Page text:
With Congressional Republicans appearing “flummoxed by the complexities of one-party rule, struggling with issues from repealing the Affordable Care Act . . . to paying for President Trump’s promised wall on the Mexican border, rising party leaders in the states seem far more at ease and assertive. Republicans have top-to-bottom control in 25 states now, holding both the governorship and the entire legislature, and Republican lawmakers are acting with lightning speed to enact longstanding conservative priorities.” Not yet even a month after Donald Trump took the oath of office on January 20, 2017, Republicans in Kentucky had “swiftly passed laws to roll back the powers of labor unions and restrict access to abortion,” and were planning “sweeping changes to the education and public pension systems.” In states from New England to the Midwest and across the South, Republican lawmakers had “introduced or enacted legislation to erode union powers and abortion rights, loosen gun regulations, expand school-choice programs and slash taxes and spending.” That the media spotlight at the time was so focused on the federalism says something about just how eclipsed federalism itself had become on the national stage.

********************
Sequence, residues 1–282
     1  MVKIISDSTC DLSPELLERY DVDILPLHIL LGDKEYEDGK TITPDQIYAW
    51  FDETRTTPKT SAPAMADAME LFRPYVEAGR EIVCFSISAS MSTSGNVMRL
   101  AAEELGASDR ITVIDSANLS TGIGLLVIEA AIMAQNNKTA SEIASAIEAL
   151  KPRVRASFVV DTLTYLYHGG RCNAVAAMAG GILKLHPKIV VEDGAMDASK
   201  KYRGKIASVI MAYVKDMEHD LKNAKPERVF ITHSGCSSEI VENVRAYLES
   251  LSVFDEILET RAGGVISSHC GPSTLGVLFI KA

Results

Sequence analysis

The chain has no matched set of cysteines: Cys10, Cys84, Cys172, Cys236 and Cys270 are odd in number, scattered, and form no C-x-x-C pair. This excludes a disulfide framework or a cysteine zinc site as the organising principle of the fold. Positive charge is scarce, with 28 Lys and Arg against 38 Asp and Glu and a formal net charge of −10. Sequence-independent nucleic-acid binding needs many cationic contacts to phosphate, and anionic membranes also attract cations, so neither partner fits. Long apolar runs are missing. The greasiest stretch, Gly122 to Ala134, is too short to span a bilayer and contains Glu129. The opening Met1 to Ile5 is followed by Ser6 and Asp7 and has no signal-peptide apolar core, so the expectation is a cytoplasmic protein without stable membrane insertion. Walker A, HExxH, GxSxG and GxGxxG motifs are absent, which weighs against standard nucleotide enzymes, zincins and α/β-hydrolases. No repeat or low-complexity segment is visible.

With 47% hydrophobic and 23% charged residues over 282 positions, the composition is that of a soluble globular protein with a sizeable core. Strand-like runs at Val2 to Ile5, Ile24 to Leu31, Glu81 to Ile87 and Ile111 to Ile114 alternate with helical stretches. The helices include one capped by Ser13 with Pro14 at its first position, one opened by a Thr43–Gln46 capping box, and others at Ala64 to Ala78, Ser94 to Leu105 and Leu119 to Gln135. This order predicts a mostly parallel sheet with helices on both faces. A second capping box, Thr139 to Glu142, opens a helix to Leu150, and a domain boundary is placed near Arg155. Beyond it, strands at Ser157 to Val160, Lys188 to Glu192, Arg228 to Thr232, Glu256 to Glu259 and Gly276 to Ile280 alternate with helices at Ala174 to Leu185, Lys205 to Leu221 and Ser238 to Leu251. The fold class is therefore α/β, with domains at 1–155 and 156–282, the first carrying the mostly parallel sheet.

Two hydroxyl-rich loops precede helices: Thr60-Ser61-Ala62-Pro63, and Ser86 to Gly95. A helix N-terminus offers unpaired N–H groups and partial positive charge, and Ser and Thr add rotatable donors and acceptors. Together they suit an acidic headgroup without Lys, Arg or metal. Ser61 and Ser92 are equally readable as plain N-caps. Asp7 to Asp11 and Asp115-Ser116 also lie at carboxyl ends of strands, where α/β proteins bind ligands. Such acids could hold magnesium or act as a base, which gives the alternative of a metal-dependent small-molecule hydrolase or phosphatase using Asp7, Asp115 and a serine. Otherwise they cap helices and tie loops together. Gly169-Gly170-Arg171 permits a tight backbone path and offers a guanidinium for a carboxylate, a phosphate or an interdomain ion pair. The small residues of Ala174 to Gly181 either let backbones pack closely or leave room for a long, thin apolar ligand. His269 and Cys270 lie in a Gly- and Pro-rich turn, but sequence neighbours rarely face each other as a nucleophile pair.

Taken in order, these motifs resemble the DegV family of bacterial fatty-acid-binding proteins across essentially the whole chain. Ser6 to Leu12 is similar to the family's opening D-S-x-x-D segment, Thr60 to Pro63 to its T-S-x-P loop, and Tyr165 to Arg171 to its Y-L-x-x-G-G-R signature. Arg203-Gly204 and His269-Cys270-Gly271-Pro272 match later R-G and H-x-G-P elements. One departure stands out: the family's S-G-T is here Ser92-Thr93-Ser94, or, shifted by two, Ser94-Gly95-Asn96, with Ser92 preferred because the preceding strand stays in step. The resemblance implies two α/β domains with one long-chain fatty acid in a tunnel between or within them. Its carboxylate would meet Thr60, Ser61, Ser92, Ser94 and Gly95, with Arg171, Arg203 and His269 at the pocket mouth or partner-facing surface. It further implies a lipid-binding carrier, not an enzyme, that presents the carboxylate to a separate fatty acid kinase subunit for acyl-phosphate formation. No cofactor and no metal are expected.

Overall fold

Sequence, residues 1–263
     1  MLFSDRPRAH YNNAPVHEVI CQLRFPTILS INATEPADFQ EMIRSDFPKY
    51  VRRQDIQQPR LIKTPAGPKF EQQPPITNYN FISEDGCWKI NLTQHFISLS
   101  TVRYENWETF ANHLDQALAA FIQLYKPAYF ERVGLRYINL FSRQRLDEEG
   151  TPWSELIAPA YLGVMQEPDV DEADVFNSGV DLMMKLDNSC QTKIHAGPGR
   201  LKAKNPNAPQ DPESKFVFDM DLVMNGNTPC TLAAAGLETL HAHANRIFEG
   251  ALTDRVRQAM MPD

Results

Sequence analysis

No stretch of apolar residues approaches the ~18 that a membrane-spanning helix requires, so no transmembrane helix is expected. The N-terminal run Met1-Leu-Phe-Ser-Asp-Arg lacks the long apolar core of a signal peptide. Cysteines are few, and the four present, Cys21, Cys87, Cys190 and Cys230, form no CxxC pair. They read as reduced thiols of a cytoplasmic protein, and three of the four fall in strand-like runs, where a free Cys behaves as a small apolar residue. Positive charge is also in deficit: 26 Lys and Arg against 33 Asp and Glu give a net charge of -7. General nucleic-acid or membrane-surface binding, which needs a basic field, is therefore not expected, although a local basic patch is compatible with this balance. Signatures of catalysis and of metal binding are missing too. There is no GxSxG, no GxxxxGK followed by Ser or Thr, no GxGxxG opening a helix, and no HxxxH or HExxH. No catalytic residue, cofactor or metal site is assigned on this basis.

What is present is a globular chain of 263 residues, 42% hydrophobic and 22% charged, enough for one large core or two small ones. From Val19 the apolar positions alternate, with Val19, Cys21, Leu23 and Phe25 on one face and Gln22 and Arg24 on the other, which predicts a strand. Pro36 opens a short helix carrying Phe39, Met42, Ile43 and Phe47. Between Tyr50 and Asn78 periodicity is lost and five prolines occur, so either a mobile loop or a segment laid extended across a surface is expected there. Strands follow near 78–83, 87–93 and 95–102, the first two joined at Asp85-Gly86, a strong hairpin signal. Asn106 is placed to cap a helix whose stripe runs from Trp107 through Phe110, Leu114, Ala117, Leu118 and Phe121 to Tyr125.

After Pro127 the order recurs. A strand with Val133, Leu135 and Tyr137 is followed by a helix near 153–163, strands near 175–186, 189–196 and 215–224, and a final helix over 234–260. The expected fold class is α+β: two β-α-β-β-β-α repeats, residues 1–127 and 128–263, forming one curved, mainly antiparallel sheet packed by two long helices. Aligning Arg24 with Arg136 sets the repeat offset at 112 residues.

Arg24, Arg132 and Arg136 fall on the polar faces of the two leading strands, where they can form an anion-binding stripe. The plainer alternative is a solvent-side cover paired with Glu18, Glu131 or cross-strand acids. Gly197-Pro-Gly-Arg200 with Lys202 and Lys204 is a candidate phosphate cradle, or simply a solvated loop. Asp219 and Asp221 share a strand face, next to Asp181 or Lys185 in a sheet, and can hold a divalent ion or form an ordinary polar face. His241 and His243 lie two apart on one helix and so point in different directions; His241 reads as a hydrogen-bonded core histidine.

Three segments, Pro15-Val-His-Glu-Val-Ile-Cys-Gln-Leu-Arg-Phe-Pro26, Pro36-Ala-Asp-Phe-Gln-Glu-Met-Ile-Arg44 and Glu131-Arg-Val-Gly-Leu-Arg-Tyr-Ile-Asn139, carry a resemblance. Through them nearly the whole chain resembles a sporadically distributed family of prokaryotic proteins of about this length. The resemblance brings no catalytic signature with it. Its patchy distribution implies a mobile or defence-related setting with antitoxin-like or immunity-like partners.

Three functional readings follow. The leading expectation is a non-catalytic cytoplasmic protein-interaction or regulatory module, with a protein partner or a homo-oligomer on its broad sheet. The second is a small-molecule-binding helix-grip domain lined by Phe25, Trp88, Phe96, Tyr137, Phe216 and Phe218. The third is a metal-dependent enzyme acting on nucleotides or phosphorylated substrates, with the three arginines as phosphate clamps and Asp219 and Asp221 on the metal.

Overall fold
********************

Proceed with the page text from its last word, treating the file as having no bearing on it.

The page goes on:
The full essay is at "One-Party Rule."
1. Alexander Burns and Mitch Smith, “State G.O.P. Leaders Move Swiftly as Party Bickers in Congress,” The New York Times, February 11, 2017.